Judges and Voters At Odds
JEFFERSON CITY, Mo. — The first week in August turned out to be a big news week in the debate over marriage.
In a primary with record high turnout, Missouri residents voted Aug. 3 against same-sex “marriage.”
Seventy-one percent of Missouri voters approved adding language to the state constitution reading, “To be valid and recognized in this state, a marriage shall exist only between a man and a woman.” The vote made Missouri the fifth state with a constitutional amendment prohibiting same-sex “marriage,” but the first to vote on one after a Massachusetts court gave unisex “marriage” a green light in the Bay State.
Marriage advocates were further bolstered by an Aug. 12 ruling in the California Supreme Court that voided the nearly 4,000 same-sex “marriages” performed in San Francisco this year. The court said the marriage licenses were issued illegally, since both legislation and a voter-approved measure define marriage as a union between a man and a woman.
Both supporters and opponents of the Missouri initiative credited churchgoers as a key factor in the win. “We were out-organized by the competition, which was able to do a lot of organizing with very little resources,” Seth Kilbourn, national field director for the pro-homosexual-marriage Human Rights Campaign, told reporters. “They activated the churches in a way that was very successful.”
“Even though we were outspent and we had a national political machine descend on our state to try and defeat this, people got out and worked and called neighbors and said a lot of prayers,” Vicky Hartzler, spokesman for the Coalition to Protect Marriage in Missouri told the New York Times.
But the day after the Missouri election, a Washington State judge ruled in favor of legalizing homosexual “marriage” in his state. The case before the court was brought by eight same-sex couples who want to marry. The Washington State decision will not go into effect until the state supreme court rules on it. If the ruling is upheld, Washington will become the second state — after Massachusetts — with legal homosexual “marriage.”
While Missouri is their real win, many advocates for traditional marriage see the developments in Missouri, Washington and California as overall positives, sending the signal that when left to democracy, marriage wins.
While Missouri is their real win, many advocates for traditional marriage see the developments in Missouri and Washington as overall positives, sending the signal that when left to democracy, marriage wins.
“The Missouri vote represents a watershed moment in the battle over gay marriage,” says Stanley Kurtz, a fellow at the Hoover Institution at Stanford University. “This was the first time the public has had a chance to speak since Massachusetts legalized gay marriage, and it came through loud and clear that the public does not support same-sex marriage.”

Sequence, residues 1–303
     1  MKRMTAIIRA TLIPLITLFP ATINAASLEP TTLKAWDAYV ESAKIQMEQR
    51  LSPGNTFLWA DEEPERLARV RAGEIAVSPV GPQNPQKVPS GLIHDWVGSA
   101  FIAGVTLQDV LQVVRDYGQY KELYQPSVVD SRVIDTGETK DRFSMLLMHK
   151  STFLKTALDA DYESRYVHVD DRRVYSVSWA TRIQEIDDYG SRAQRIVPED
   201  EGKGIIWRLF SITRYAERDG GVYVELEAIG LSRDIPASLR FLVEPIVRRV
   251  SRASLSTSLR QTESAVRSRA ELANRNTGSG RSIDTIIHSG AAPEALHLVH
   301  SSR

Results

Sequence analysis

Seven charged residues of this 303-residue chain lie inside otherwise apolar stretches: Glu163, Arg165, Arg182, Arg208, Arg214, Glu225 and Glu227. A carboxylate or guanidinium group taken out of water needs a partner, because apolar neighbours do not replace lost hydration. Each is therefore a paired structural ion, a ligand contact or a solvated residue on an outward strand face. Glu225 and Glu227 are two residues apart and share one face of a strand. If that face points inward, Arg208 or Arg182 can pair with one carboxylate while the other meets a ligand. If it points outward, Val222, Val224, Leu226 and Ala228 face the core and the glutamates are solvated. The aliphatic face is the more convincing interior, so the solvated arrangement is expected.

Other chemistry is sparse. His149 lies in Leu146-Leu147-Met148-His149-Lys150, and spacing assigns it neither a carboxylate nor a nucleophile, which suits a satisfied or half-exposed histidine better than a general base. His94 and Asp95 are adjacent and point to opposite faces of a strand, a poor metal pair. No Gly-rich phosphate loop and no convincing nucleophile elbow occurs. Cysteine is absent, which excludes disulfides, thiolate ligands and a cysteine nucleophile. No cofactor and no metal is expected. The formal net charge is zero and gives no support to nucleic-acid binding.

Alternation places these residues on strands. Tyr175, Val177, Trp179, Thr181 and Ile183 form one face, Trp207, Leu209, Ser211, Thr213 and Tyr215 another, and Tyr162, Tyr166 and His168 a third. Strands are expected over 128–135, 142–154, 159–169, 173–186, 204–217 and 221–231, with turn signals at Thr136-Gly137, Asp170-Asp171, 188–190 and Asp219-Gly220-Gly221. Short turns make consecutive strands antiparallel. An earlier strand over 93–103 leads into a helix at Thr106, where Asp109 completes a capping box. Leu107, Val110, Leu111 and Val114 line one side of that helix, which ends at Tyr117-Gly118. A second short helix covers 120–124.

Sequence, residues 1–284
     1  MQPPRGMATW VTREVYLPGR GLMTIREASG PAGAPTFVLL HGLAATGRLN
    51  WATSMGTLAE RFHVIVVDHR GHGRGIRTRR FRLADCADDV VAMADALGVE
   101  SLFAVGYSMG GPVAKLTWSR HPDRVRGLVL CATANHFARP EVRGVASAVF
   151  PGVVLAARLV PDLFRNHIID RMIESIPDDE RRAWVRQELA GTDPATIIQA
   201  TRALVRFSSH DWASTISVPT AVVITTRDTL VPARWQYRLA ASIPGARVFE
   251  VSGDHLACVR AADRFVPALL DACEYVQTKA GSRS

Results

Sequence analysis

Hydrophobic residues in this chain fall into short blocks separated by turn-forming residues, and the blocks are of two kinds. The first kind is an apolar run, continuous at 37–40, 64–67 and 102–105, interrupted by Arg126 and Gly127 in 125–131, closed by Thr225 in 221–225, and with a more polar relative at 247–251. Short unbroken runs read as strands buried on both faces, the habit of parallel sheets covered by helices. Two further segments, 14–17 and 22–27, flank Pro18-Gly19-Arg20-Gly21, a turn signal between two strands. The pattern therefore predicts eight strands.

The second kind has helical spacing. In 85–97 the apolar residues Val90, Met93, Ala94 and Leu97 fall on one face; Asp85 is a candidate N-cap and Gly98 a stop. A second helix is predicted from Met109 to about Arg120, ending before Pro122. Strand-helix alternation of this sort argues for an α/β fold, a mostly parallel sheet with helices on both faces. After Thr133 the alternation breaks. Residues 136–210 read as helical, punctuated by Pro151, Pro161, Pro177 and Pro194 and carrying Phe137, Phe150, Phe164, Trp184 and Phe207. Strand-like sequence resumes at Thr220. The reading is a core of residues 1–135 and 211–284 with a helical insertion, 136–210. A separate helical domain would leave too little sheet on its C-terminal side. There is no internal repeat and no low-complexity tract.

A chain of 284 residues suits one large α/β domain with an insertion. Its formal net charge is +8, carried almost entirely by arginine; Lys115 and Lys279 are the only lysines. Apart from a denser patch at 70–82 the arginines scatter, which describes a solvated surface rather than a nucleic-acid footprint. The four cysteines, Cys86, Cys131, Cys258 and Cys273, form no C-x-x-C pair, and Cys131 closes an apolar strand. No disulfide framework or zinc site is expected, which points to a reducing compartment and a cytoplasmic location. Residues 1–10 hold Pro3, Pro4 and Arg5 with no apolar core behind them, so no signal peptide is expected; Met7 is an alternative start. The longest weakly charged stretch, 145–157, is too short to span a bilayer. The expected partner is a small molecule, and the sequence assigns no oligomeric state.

Homosexual “marriage” advocates, however, didn't credit popular wisdom. “This was part of an effort by President Bush to distract Missourians from the fact that the state has lost almost 80,000 jobs over the past three and one-half years,” Human Rights Campaign president Cheryl Jacques said in a statement. “The Missouri Constitution is now a tool for discrimination. This was motivated by politics, pure and simple. We recognize that many Missourians were opposed to this mistaken use of their constitution.”
Of the Washington decision, however, Jacques said, “This is a historic decision to end discrimination facing some Washington families. Same-sex couples pay taxes and contribute to society. There's no reason to deny any family the same rights and responsibilities as others.“ She continued, “Hopefully, someday very soon, all Washing-tonians will have the same rights that others have in fulfilling their American dreams.”
Trend in the Works
The Missouri vote followed a trend. As Austin Ruse of the Culture of Life Foundation in Washington, D.C., points out, “The margin of 70% is not surprising…when you look at similar measures and similar margins dating back to 1998.
“Hawaii passed a similar measure in favor of one-man/one-woman marriage with 69.2% of the vote. Alaska passed one in 1998 with 68.11% of the vote. Nebraska passed one in 2000 with 70.1%. Nevada passed one in 2002 with 67.1%,” Ruse said. “Yet, on the same day that Missourians voted overwhelmingly in favor of traditional marriage, a single judge imposed homosexual marriage on the people of Washington state. This is a very clear fight between the people and the elites.”